On the other hand, from an FAA veteran:
watched ABC World News' report on the FAA's review of
personal electronics last week. I was very happy until the end of the
piece. When the corespondent stated that the FAA would test each device, separately, in each model of the aircraft, I was floored.
article gave the FAA the benefit of the doubt. As a retired FAA Air
Traffic controller, I would say that doing the unnecessary testing is a
way for the FAA to distance itself from the original error. If the FAA
so desired, they could deem all FCC approved low-powered personal
electronics safe for all phases of flight. This could be done within 90
days . Data acquisition would take a week at most, the remainder of the
timed used in writing the new regulations. (It is the FAA after all.)
Here is how:
My Kindle and my MP3 player are both have "FFC
approved" symbols. All technical information on the RFI characteristics
of these device are contained in the FCC databases. All RFI
characteristics of aircraft instruments and flight systems are contained
in FAA databases. A simple correlation between the databases would
produce the necessary data. Any aircraft instrument and flight system
that can withstand the RFI from airport surveillance radar should not be
affected by a Kindle.
Simple. Should stand up in court.
I expect to be turning off my Kindle for the next two years.
From a reader in the tech world:
A friend of mine was working at Bose while the original (Bose) consumer grade noise-cancelling headphones were being developed. A pre-production unit was taken to the airport to test against real-life conditions. While in use on the ground awaiting takeoff, the headphones emitted a periodic chirping noise. After what was probably a fair amount of work, the engineers eventually realized that they were picking up the RF burst as the radar swept by. The design was tweaked to provide more shielding to reject this noise. The point of the story is that if the airlines/FAA are worried about RF noise disturbing the planes, they're looking in the wrong place. The emissions of the headphones are dwarfed by the deliberate signal of the radar, at least when in close proximity to the airport.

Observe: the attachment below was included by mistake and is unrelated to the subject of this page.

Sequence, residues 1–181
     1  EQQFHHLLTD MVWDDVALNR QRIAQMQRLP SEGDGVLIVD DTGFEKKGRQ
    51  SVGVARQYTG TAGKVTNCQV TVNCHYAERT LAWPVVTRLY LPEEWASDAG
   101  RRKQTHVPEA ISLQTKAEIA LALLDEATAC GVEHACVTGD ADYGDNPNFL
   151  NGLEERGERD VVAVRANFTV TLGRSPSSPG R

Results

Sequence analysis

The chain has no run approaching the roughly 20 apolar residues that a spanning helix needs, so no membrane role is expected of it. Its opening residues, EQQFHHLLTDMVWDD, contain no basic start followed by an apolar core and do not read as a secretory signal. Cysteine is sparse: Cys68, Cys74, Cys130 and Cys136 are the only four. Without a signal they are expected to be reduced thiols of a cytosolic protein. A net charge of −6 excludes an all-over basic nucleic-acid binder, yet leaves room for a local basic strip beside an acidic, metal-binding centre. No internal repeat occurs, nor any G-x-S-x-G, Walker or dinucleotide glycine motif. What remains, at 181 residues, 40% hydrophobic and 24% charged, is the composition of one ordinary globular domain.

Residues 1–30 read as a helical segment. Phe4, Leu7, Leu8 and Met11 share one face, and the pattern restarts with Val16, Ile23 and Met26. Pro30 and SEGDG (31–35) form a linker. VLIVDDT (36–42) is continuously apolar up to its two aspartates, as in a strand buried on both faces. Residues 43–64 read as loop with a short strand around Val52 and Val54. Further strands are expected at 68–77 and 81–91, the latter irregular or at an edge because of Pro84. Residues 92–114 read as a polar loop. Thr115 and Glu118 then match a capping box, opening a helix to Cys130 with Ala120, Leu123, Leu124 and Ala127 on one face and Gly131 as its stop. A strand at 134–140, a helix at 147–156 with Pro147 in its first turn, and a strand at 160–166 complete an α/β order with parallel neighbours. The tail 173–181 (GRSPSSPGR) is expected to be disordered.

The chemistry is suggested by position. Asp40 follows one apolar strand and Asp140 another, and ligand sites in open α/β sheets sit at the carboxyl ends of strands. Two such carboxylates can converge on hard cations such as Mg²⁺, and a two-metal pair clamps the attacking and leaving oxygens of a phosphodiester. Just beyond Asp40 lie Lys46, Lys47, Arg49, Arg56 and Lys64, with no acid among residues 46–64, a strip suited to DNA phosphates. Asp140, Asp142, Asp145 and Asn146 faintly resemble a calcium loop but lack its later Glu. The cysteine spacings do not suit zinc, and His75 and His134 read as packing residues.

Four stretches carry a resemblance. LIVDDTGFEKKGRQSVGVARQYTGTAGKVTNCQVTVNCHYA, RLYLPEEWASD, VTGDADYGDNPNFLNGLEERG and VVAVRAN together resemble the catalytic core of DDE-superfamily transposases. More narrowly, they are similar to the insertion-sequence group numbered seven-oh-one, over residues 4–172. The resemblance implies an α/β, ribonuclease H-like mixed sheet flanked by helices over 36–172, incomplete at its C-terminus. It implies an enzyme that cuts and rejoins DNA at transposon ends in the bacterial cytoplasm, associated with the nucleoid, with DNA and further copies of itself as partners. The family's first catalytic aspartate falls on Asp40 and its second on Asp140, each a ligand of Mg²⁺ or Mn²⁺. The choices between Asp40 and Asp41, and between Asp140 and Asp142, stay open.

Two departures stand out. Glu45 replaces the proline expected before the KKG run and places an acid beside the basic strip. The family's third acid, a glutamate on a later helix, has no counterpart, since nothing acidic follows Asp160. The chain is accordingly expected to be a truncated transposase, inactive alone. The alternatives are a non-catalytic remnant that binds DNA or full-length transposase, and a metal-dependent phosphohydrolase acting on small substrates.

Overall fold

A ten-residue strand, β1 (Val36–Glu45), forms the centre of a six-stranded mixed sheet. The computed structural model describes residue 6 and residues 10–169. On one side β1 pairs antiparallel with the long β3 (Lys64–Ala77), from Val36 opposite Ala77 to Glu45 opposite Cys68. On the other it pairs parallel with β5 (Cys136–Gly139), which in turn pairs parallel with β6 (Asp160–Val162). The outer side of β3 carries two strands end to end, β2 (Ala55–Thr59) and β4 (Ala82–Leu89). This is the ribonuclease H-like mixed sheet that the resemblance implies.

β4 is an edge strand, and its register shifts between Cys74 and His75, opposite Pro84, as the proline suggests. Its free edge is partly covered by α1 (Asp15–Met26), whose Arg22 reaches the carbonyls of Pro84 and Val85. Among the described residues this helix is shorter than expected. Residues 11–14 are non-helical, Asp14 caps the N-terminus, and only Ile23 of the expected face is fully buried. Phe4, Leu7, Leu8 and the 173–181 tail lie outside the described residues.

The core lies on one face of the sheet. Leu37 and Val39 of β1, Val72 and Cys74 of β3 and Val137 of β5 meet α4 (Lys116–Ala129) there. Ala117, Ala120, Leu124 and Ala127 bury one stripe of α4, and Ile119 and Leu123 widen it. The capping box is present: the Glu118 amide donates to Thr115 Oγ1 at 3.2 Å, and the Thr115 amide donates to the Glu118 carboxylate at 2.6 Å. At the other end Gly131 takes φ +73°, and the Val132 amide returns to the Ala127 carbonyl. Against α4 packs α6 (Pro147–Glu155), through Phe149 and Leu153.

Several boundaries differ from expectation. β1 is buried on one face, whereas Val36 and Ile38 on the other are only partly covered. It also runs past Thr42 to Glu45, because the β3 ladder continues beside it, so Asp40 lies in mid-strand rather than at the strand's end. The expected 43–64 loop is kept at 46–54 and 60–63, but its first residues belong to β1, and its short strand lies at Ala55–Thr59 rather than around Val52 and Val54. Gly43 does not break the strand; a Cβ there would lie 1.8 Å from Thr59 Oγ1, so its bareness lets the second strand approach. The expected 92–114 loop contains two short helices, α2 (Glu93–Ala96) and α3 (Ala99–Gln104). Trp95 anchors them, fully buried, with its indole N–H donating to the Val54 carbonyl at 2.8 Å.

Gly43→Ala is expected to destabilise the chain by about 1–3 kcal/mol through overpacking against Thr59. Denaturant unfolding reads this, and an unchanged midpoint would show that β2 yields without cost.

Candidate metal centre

And, finally, back to the original topic: how the combination of economic de-regulation and security hyper-regulation have changed the basic utility of commercial air travel:
I also live in St. Louis [like a reader mentioned here] so it really hits home.
A recent business trip also came to mind. We're working on some machined parts (commercial aircraft components) with a similar company in Wichita and have both visited each other's sites recently. The trip is between two cities with rich aerospace traditions and we both chose to ... drive. There are no direct or easy flights and the ones that are available are expensive. I'm not trying to make any kind of compelling argument but it seemed mildly ironic.